Frederick Morrell Zeder

From Wikipedia, the free encyclopedia
Jump to: navigation, search
Frederick Morrell Zeder
Fred Zeder 1922.jpg
Zeder in 1922
Born (1886-03-19)March 19, 1886
Bay City, Michigan, USA
Died February 24, 1951(1951-02-24) (aged 64)
Miami Beach, Florida
Alma mater University of Michigan
Occupation
Political party
Democrat
Religion Christian

Frederick Morrell Zeder (March 19, 1886 – February 24, 1951) was an American automotive industry engineer and a member of the Automotive Hall of Fame.[1][2]

Early life[edit]

Zeder was born on March 19, 1886.[3] Then his family lived in Bay City, Michigan. Zerder's parents were Rudolph Zeder (from New York) and Matilta Jane Zeder (from Canada). Zeder had 4 brothers and 1 sister. He had little formal schooling at the Bay City public schools and was put to work earning income for the family at the age of 11. His first job was as a helper being a machinist’s apprentice for Industrial Works of Bay City (manufacturer of railroad cranes).[4][5][6]

At age 12 Zeder was a railroad call boy (waking up the train crew in the morning). Also at age 12 he had a job in the railroad industry, inspecting the railroad car axles to make sure they were oiled and greased properly.[7]

Mid life[edit]

Zeder became a machinist at Michigan Central Railroad in their Motive Power and Train Divisions in his teens.[6] He was still in high school when he started working for the railroad company. After graduating from public high school in 1905 Zeder went to the University of Michigan and worked part-time as a dishwasher and prepared vegetables for a restaurant. He graduated from Michigan in 1909 with the degree of Bachelor of Science in Mechanical Engineering.[3][4][5][6] He was still living at home with his 4 brothers and a sister in 1910 and his trade is recorded in the 1910 U.S. Census as a mechanical engineer.[8]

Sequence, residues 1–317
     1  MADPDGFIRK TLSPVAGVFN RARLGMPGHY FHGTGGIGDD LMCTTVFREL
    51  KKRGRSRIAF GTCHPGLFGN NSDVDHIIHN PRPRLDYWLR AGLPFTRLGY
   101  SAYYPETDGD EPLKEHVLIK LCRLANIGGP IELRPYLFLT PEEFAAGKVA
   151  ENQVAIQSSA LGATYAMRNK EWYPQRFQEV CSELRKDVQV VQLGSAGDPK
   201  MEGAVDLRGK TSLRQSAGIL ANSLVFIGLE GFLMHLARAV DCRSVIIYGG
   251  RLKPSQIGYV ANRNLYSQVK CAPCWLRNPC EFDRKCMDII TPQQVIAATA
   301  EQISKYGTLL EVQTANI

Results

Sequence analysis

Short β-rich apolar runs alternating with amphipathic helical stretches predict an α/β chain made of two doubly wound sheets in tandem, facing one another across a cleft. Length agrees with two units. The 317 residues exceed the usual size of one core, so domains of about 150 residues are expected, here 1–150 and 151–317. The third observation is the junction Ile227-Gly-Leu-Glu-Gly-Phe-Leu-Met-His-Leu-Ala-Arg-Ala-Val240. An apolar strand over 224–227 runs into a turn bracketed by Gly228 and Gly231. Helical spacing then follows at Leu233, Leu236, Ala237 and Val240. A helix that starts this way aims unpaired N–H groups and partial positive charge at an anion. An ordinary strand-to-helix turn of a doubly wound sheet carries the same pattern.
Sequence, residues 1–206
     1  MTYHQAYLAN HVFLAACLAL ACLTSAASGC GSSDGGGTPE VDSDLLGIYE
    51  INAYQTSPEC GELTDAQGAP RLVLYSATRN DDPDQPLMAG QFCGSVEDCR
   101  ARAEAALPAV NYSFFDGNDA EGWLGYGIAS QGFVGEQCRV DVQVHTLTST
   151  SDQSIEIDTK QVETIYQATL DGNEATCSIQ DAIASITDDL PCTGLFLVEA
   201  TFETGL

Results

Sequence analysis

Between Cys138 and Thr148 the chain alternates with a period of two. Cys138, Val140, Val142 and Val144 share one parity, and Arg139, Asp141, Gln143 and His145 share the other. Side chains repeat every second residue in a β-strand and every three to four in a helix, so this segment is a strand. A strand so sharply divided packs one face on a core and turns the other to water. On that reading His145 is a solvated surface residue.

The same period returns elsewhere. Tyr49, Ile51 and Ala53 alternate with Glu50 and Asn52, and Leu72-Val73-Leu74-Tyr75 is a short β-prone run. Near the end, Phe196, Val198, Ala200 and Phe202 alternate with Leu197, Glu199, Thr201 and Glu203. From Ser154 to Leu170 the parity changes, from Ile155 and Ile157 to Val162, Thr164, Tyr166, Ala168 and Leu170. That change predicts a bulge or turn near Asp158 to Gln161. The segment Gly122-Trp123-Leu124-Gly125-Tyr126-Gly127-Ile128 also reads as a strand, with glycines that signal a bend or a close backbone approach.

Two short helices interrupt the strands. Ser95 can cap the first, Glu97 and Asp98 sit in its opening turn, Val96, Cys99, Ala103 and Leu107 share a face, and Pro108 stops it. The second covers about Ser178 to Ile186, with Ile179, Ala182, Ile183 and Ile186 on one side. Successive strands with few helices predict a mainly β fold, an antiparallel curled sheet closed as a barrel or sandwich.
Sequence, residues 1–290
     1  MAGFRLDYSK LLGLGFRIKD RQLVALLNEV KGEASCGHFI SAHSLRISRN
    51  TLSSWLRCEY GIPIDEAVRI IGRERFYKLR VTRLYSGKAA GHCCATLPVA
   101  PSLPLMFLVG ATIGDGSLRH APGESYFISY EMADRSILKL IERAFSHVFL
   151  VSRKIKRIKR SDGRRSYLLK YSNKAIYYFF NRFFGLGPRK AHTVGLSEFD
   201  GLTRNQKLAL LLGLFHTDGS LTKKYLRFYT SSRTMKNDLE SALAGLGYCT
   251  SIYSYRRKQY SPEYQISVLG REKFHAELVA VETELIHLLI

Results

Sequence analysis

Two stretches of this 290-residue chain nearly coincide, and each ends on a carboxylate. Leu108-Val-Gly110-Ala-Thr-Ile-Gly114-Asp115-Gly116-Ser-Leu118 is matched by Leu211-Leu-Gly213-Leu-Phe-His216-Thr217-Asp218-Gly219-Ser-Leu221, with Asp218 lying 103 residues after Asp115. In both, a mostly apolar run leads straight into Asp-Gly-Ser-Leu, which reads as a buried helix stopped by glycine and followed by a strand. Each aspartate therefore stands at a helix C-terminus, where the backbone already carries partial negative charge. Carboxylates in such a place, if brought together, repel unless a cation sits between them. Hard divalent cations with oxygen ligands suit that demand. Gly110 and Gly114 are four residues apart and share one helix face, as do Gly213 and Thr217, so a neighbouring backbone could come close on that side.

Career[edit]

Allis-Chalmers[edit]

In 1909 after graduating from U.O.M. Zeder was hired by the Allis-Chalmers Company in West Allis, Wisconsin, near Milwaukee for their apprentice course as an erecting engineer.[6][7] This is where he met Carl Breer. Allis-Chalmers selected twenty-five of the best students of mechanical engineering from top universities of the United States. Besides Zeder, Carl Breer was such a student. Breer was from Stanford University. Zeder and Breer became close friends in their training at Allis-Chalmers.[5][9][10]

Studebaker to Willys[edit]

1918 Studebaker

Zeder then was hired in 1910 by a power plant in Detroit helping to build it. His next job, later in 1910, was at the E-M-F Company in Detroit taking charge of their engineering laboratory working on car body design, while still a consultant of the Detroit power plant construction project. Studebaker brothers (wagon builders) took over E-M-F. in 1912 to produce Studebaker automobiles. Zeder was first a consulting engineer for them. Later in 1914, at the age of 28, he was promoted as Studebaker's chief engineer.[4][5][6][7]

The Three Musketeers[edit]